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Practically Paradise
Inside Practically Paradise

Nonfiction Series Lover

As 2008 winds down I see more and more best lists. This year a couple nonfiction titles have risen to the top of these lists (a cross-over miracle). We Are the Ship, Nic Bishop Frogs, and some Lincoln books are receiving attention. Marc Aronson posted about this in Come One, Come All: The Year in Nonfiction, but I believe some of you are sitting out of the conversation. I want to know what nonfiction series you loved this year. 

I’m not seeking Newbery quality nonfiction titles. In addition to quality works of nonfiction that stand alone (think Race by Marc Aronson and Dennis Brindell Fradin’s DUEL!: BURR AND HAMILTON’S DEADLY WAR OF WORDS), my students read series after series of nonfiction. I respect their choices because they are seeking information and are enjoying reading informational texts having mastered the nonfiction series format.

Before I share MY lists, I want to see what nonfiction series you acquired this year and what has become your favorite. If you have a favorite publisher, tell me that, too. 

If you have ANY problems posting a comment, copy your information and email it to me at and I will post for you. 

Readers, I am pleading with you to post your comments. I think it’s ridiculous that one of the Reed Publishing blogs that receives the most comments is the Romance group. If they judge our blogs based upon how many people comment, then my writing attempts are failures. Come on youth librarians, participate and tell us what you and your students really like to read.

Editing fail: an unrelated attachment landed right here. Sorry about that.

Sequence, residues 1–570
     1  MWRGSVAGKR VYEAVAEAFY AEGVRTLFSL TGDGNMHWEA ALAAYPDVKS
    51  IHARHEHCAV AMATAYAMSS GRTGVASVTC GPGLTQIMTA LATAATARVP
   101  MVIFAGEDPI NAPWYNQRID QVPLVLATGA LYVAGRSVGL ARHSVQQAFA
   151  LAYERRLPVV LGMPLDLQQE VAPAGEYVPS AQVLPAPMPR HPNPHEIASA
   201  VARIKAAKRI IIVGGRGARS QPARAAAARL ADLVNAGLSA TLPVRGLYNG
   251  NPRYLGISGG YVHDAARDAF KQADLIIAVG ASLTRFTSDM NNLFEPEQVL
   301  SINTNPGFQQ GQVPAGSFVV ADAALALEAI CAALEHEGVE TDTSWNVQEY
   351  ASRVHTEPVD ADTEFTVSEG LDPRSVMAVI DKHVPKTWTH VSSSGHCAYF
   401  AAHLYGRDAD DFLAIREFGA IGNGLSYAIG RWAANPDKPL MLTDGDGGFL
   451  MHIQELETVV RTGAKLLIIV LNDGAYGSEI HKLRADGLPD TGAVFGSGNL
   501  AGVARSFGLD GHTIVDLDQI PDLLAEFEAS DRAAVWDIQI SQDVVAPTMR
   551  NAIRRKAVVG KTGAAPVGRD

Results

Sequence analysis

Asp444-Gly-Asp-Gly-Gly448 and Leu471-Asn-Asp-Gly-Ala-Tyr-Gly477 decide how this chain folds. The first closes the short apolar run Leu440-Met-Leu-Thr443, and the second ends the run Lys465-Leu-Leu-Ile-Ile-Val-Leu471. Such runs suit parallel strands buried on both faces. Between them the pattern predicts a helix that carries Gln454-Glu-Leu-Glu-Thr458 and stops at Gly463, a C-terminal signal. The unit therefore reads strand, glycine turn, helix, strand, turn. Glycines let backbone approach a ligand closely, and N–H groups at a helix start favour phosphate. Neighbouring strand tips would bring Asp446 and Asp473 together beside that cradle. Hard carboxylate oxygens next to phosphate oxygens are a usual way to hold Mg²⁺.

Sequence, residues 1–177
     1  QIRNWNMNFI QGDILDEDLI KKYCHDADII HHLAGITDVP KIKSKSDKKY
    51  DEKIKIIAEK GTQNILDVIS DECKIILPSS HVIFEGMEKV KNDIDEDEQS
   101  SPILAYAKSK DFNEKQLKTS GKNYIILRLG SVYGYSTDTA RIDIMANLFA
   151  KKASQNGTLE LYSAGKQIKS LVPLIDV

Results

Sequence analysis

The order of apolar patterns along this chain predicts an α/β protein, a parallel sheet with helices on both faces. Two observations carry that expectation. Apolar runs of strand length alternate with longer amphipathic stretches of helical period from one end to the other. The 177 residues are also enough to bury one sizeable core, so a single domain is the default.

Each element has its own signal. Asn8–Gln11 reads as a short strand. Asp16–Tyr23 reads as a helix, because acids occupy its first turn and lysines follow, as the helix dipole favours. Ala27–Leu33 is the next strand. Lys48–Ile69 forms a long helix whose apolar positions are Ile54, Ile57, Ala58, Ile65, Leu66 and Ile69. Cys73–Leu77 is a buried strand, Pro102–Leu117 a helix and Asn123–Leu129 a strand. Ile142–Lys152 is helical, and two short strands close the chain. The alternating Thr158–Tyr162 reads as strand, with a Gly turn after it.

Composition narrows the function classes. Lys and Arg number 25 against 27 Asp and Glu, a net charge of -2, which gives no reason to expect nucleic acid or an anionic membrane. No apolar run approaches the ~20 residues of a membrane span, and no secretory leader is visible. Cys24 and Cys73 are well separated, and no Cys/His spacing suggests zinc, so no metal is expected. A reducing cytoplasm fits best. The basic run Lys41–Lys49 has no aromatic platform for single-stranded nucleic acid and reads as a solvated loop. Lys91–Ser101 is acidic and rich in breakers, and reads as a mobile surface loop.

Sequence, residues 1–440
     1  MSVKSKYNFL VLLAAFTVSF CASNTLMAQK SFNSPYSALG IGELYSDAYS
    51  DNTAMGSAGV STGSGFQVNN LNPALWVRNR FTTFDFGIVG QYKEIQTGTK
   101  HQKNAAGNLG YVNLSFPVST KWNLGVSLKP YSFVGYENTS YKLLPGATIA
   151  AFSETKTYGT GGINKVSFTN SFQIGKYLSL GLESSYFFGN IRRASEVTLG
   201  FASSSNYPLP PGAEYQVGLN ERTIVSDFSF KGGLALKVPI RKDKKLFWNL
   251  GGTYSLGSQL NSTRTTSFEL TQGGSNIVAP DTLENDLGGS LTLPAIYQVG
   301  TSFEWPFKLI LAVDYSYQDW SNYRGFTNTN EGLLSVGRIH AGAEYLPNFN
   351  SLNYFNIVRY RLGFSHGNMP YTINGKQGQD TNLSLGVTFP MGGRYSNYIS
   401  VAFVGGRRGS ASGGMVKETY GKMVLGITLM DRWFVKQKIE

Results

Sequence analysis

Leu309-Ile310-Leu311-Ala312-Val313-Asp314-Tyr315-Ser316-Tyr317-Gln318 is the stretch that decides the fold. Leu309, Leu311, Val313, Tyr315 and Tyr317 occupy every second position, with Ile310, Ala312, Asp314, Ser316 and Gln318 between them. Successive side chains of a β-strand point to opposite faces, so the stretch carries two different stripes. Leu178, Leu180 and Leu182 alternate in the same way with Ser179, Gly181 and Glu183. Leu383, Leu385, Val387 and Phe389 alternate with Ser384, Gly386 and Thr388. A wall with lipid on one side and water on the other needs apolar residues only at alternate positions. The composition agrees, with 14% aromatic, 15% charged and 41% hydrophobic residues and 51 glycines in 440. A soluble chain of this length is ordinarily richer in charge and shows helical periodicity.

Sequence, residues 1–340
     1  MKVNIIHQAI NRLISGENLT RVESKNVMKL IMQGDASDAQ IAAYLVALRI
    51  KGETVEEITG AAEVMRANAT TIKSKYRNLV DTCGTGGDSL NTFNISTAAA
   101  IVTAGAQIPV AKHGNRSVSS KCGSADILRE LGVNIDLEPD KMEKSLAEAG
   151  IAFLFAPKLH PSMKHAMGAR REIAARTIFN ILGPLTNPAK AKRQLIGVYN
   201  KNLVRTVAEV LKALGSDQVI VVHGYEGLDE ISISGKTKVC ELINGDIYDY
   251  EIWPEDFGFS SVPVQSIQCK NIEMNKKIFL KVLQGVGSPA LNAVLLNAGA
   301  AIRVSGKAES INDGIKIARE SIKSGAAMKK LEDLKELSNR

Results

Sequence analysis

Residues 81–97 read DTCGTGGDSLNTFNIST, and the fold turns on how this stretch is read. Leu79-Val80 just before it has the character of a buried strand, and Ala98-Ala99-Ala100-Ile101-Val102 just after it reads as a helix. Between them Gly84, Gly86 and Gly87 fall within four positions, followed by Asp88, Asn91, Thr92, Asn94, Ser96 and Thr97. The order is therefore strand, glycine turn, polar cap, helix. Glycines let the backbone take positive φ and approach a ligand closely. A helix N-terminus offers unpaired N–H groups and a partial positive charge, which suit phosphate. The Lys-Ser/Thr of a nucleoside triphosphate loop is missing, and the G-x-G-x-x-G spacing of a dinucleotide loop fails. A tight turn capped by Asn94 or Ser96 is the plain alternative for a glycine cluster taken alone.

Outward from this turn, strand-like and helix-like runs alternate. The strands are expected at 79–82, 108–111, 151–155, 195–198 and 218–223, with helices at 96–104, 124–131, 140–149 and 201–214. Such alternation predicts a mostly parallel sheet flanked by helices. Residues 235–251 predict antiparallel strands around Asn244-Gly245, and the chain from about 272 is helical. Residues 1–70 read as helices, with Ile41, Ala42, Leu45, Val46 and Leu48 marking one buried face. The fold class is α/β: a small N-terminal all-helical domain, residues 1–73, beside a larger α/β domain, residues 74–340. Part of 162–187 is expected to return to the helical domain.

1. My students really love all the 24/7 Science Behind the Scenes books from Scholastic. They have several mini-series within the larger collection (Forensic Files, Spy Files, etc.) and my struggling readers eat them up.

    P.S. Please don’t knock the Romance group. People who read romance novels are people too. Besides, shouldn’t we be holding them up as an example of people who participate?

  2. TERRY YOUNG says:

    Morning Darlin’,
    Our students enjoy:
    Today’s Superstars (Gareth Stevens);
    Team Spirit – all the sports (Norwood Press);
    Exploring Science (Compass Point);
    Careers in Focus (Ferguson/Facts on File).

  3. Knock Romance? No way. What do you think I was curled up with all weekend? Everyone loves a good fairytale – such a cynic! Actually, what I find most interesting is that people who are very passionate about one type of genre will contribute to conversations, listserv’s, and blogs more often than generalists. School librarians tend not to comment. Why? We’ll have to do some interviews about this at midwinter meeting of ALA.

  4. These are the titles that are always off the shelf in my 7/8 building:

    A Child called It + sequels
    90 Minutes in Heaven
    Marley and Me
    DK Books
    Guinness Book of World Records
    Diary of Anne Frank

    and, depending on your opinion of anonymous writings:
    It Happened to Nancy

    Good luck with your list. I’m sure I’m missing a few but I’m not at school to do a walk through due to a snow day.

  5. Melissa Techman says:

    I don’t have some good titles to contribute (yet), although I did think “Yes!”, when I saw mention of Duel and Nic Bishop. I do have a comment though. My students love it when I read books like Yin’s Coolies and Brothers or Levitin’s Boomtown! I add factual information to the discussion, but there is not much on the shelf currently to connect to these stories (and lots of others). So once again, we need more lower level NF.

  6. Sandy Kelly says:

    My school is PK-8 so I have a wide range of reading levels. My 5th and 6th graders really like the You Wouldn’t Want to be…series from Scholastic. I wish there were more nonfic series. I can’t keep the Guinness books on the shelf or intact for that matter. I am also finding the Graphic Universe (Lerner) myths and legends are a big hit.